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7. Don’t be a go-between with their teachers.

7. Don’t be a go-between with their teachers.

Once I rushed down to my daughter’s middle school like an angry Mama Bear, trying to work out a situation with a teacher as a third party. I hate that I did that because my daughter missed the opportunity to advocate for herself. And my intervention only made the situation worse with the teacher.

Learning to stand up for yourself—in all areas of life—is necessary. “Mama Bears” often prevent their kids from developing this necessary survival tactic. Discuss difficult classroom issues with your kids, pray about it with them, advise them, but let them work it out (unless it’s something truly harmful).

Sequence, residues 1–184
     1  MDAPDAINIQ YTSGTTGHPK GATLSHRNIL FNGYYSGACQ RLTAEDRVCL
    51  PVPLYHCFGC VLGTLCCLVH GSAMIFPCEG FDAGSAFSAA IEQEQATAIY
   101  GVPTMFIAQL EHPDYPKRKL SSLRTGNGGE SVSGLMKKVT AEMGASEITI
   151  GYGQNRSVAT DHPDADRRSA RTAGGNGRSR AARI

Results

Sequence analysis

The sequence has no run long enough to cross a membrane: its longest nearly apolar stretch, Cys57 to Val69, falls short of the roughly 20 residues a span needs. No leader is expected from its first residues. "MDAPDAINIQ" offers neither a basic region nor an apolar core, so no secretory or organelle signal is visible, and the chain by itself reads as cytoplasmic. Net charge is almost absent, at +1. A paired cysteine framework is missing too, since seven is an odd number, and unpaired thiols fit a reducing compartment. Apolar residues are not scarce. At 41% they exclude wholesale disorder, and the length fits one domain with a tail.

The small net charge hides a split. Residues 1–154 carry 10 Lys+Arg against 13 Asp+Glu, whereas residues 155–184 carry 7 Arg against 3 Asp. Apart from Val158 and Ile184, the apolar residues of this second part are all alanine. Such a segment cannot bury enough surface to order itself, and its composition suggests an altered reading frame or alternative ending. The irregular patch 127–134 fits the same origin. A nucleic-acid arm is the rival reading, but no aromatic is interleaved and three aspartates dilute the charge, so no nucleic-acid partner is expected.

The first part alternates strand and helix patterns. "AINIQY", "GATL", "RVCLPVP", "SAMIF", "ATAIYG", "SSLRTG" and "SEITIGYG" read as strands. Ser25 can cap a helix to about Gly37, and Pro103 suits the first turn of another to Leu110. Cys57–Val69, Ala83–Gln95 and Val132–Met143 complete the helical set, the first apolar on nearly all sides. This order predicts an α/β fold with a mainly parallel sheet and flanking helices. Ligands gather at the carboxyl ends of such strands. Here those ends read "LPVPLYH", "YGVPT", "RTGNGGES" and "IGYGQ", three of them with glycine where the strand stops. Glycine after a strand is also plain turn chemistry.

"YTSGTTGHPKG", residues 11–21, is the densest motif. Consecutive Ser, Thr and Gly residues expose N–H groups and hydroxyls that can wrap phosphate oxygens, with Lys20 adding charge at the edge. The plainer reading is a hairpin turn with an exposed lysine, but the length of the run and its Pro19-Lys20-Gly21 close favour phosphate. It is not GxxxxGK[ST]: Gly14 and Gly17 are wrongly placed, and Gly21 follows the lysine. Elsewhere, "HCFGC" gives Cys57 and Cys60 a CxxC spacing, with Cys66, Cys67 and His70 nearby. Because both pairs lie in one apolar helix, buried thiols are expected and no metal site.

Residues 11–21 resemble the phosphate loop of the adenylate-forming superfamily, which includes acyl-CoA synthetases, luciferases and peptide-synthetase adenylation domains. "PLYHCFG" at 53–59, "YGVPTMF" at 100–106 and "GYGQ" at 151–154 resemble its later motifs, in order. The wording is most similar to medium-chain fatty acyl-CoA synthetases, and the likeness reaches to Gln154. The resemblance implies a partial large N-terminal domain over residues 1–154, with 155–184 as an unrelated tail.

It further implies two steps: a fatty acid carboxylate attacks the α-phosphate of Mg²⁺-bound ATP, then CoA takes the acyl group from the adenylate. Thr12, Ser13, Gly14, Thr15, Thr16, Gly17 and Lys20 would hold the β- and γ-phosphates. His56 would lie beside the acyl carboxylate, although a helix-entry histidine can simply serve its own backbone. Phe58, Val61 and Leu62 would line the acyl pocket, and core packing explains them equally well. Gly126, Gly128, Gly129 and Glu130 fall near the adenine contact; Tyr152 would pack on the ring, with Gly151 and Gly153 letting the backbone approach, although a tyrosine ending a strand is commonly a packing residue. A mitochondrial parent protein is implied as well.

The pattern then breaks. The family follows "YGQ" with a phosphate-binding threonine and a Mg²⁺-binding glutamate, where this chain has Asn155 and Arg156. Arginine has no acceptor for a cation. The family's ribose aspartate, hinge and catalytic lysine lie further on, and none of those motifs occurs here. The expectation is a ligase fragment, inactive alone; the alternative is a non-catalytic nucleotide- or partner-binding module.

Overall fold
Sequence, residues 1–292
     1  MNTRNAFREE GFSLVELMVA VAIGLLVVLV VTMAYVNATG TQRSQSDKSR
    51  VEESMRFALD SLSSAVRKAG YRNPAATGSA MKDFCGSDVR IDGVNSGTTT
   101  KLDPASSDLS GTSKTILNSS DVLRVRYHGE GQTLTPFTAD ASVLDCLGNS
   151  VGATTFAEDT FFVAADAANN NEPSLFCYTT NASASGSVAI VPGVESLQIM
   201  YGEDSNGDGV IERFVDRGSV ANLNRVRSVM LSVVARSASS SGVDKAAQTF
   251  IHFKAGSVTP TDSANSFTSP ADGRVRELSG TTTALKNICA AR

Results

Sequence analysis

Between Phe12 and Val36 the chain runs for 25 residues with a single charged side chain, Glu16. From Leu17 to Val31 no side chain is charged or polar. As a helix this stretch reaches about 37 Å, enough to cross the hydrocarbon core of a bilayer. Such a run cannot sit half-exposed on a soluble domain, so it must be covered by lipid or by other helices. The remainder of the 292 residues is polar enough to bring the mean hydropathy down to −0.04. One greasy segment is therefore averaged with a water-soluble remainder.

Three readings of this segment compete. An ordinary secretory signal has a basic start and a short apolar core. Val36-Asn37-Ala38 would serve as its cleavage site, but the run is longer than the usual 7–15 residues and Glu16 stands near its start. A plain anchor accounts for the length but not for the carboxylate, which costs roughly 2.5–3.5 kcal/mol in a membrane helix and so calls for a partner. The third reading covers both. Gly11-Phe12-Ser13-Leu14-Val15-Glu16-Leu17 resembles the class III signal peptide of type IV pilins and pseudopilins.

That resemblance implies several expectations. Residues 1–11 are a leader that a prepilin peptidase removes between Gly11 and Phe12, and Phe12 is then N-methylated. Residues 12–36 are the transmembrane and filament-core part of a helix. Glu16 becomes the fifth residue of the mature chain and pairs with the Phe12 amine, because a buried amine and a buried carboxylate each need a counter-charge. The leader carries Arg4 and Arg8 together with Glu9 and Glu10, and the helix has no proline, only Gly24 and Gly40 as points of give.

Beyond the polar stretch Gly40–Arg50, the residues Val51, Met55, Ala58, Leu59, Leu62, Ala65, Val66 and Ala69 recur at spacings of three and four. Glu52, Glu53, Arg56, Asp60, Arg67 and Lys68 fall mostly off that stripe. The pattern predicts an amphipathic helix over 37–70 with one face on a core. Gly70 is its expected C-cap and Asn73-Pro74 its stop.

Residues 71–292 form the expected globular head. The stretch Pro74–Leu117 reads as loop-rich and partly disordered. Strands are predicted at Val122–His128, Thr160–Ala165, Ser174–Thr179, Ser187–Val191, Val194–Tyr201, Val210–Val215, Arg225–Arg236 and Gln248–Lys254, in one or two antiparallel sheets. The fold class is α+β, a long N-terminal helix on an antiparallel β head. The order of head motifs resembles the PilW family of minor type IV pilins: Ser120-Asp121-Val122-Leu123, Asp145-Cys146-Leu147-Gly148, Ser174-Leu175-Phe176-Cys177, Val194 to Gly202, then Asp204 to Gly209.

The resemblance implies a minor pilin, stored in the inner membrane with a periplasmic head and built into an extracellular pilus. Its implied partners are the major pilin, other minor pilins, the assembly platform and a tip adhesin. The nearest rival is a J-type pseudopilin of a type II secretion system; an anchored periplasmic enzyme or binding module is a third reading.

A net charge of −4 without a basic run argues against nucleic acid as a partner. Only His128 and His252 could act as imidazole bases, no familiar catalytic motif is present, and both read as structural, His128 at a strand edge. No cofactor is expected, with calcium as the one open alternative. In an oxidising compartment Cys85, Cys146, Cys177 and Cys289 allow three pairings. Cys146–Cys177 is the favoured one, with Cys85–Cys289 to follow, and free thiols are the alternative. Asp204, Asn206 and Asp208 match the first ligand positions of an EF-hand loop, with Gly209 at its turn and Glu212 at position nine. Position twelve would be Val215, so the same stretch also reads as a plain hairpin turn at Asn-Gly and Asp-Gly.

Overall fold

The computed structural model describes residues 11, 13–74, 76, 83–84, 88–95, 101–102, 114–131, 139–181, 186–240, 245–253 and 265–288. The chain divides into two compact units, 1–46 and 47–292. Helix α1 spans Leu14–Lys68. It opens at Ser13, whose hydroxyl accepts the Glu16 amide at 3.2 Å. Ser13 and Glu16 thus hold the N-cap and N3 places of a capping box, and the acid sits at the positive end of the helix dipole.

8. Parent with the end-goal in mind.

Remember, you’re not raising your kids to be good kids; you’re raising them to be responsible, mature adults. While I knew that babying prevents maturity, I still wound up doing it way too often (I’m a recovering helicopter mom).

Asking this question helped me stop babying my teens, "Will what I do today make their lives better or worse later on?" Being mindful of the future changed my parenting, because what makes children happy at age 14 is very different from what will make them happy at age 30 and beyond.

9. Seek after God Daily.

Learn how to parent from the best Father there is—don’t attempt to parent without Him! When my kids were teens, I desperately clung to the Lord like never before and He helped me be a better parent than I could’ve ever been on my own.